As part of the premium it places on trust, Microsoft has embraced the Trusted Cloud Initiative, a program of the Cloud Security Alliance (CSA) industry group that helps cloud services develop strong industry-recommended security practices. 

Microsoft focuses on data integrity in the cloud with an approach governed by three key principles: 

  • Security: protecting customers from cyberthreats 
  • Privacy: giving customers control over access to their data 
  • Compliance: unparalleled investment in meeting global standards 

Microsoft provides a set of customer-managed tools that adapt to your organization and its security needs. You can use the Microsoft 365 Security and Compliance Center to track user and administrator activities, malware threats, data loss incidents and more.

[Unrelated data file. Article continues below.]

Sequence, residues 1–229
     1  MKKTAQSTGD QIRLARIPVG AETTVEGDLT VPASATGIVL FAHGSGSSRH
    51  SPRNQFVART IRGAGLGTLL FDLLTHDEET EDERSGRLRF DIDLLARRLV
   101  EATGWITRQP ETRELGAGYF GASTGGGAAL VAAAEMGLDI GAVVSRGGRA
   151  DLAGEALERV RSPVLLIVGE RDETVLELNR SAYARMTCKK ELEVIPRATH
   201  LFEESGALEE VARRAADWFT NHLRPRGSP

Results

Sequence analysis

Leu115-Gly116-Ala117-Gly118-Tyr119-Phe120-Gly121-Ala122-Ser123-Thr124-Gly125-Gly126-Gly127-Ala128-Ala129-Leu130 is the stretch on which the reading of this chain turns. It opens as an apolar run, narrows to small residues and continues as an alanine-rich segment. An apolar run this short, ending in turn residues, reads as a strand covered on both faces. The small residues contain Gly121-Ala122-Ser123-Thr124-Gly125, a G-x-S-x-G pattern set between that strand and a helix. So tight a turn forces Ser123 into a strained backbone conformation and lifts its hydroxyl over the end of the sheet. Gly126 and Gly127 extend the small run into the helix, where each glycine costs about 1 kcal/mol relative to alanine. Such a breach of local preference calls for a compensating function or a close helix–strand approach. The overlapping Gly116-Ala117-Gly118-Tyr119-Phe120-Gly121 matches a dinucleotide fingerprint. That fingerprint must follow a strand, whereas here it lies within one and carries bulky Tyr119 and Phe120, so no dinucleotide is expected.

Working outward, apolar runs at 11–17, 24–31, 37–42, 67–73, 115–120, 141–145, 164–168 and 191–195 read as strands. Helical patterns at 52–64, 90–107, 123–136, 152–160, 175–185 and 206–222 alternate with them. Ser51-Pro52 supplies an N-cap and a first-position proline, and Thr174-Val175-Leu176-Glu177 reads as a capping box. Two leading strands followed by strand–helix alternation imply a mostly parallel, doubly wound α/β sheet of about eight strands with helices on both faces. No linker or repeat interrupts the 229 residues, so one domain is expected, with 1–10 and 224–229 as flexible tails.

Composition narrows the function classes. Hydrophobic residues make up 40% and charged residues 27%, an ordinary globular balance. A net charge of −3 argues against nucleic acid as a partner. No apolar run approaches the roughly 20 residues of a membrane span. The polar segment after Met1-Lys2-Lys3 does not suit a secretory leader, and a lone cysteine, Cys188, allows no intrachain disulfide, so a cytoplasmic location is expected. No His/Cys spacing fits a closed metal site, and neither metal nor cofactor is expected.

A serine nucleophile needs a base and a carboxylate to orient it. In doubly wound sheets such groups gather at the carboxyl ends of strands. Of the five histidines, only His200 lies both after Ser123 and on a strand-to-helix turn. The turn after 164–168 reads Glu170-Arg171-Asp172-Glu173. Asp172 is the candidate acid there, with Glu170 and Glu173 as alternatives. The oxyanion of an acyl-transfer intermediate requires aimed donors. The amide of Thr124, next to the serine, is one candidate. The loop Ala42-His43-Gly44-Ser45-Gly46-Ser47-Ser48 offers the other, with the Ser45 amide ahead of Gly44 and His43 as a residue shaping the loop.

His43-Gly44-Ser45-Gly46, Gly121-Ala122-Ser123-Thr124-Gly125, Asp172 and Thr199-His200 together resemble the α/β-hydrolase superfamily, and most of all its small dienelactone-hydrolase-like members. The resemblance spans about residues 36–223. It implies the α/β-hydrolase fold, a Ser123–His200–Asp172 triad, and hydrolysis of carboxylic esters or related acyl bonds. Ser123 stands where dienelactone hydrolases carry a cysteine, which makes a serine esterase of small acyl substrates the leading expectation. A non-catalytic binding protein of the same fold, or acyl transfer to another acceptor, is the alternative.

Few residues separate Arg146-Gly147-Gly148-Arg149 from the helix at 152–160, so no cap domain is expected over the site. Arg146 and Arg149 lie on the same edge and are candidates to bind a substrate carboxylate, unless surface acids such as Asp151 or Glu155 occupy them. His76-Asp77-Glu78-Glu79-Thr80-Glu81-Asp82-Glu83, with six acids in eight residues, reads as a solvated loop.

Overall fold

And as a sign of how seriously it takes security, Microsoft employs highly specialized groups of security experts — known as the "Red Team" — to strengthen threat detection, response and defense for its enterprise cloud services.  

Microsoft has earned positive notice from Wired Magazine for the efforts of its Red Team initiative for Windows, and it approaches ERP security with the same diligence. 

Microsoft says it uses the Red Team and live site testing against Microsoft-managed cloud infrastructure to simulate real-world breaches, conduct continuous security monitoring, and practice security incident response to validate and improve the security of online services. 

You can read more about how Microsoft keeps the cloud secure on the Dynamic 365 security page. 


Want to learn more about how Columbus can help you fortify your cybersecurity efforts? Get in touch with us today.